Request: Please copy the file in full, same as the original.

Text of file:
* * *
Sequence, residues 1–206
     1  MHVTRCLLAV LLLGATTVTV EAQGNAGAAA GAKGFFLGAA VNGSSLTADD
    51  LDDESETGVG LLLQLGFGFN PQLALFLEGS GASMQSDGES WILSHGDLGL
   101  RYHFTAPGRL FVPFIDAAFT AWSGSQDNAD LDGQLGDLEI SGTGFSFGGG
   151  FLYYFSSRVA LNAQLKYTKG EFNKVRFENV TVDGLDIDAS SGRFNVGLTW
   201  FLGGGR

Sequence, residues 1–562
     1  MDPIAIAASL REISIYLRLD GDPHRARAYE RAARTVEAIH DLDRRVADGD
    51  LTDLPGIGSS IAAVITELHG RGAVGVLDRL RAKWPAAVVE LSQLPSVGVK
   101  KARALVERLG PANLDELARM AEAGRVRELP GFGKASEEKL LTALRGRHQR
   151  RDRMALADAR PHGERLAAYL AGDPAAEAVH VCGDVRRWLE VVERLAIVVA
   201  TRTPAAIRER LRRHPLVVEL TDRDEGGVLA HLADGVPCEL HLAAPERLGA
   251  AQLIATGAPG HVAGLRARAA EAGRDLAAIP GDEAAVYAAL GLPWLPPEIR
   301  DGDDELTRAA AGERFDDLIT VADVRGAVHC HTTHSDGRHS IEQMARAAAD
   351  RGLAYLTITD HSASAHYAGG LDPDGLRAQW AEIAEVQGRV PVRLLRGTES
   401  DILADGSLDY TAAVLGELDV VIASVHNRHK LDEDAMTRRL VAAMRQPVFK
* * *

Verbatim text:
Sequence, residues 1–206
     1  MHVTRCLLAV LLLGATTVTV EAQGNAGAAA GAKGFFLGAA VNGSSLTADD
    51  LDDESETGVG LLLQLGFGFN PQLALFLEGS GASMQSDGES WILSHGDLGL
   101  RYHFTAPGRL FVPFIDAAFT AWSGSQDNAD LDGQLGDLEI SGTGFSFGGG
   151  FLYYFSSRVA LNAQLKYTKG EFNKVRFENV TVDGLDIDAS SGRFNVGLTW
   201  FLGGGR

Sequence, residues 1–562
     1  MDPIAIAASL REISIYLRLD GDPHRARAYE RAARTVEAIH DLDRRVADGD
    51  LTDLPGIGSS IAAVITELHG RGAVGVLDRL RAKWPAAVVE LSQLPSVGVK
   101  KARALVERLG PANLDELARM AEAGRVRELP GFGKASEEKL LTALRGRHQR
   151  RDRMALADAR PHGERLAAYL AGDPAAEAVH VCGDVRRWLE VVERLAIVVA
   201  TRTPAAIRER LRRHPLVVEL TDRDEGGVLA HLADGVPCEL HLAAPERLGA
   251  AQLIATGAPG HVAGLRARAA EAGRDLAAIP GDEAAVYAAL GLPWLPPEIR
   301  DGDDELTRAA AGERFDDLIT VADVRGAVHC HTTHSDGRHS IEQMARAAAD
   351  RGLAYLTITD HSASAHYAGG LDPDGLRAQW AEIAEVQGRV PVRLLRGTES
   401  DILADGSLDY TAAVLGELDV VIASVHNRHK LDEDAMTRRL VAAMRQPVFK